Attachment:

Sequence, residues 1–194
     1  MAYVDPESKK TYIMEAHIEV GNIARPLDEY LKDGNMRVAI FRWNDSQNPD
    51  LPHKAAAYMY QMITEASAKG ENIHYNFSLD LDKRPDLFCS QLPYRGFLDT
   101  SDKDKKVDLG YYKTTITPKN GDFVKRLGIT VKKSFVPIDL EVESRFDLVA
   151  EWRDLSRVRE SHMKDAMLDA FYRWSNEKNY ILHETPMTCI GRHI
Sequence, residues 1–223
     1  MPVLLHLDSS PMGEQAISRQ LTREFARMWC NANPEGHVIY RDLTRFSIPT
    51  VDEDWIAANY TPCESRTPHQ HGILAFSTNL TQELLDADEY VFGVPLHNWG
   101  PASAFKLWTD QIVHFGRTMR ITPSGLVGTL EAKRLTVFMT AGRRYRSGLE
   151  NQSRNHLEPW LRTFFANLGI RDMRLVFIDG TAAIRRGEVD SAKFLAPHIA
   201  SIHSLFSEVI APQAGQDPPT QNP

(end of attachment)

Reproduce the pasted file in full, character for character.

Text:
Sequence, residues 1–194
     1  MAYVDPESKK TYIMEAHIEV GNIARPLDEY LKDGNMRVAI FRWNDSQNPD
    51  LPHKAAAYMY QMITEASAKG ENIHYNFSLD LDKRPDLFCS QLPYRGFLDT
   101  SDKDKKVDLG YYKTTITPKN GDFVKRLGIT VKKSFVPIDL EVESRFDLVA
   151  EWRDLSRVRE SHMKDAMLDA FYRWSNEKNY ILHETPMTCI GRHI
Sequence, residues 1–223
     1  MPVLLHLDSS PMGEQAISRQ LTREFARMWC NANPEGHVIY RDLTRFSIPT
    51  VDEDWIAANY TPCESRTPHQ HGILAFSTNL TQELLDADEY VFGVPLHNWG
   101  PASAFKLWTD QIVHFGRTMR ITPSGLVGTL EAKRLTVFMT AGRRYRSGLE
   151  NQSRNHLEPW LRTFFANLGI RDMRLVFIDG TAAIRRGEVD SAKFLAPHIA
   201  SIHSLFSEVI APQAGQDPPT QNP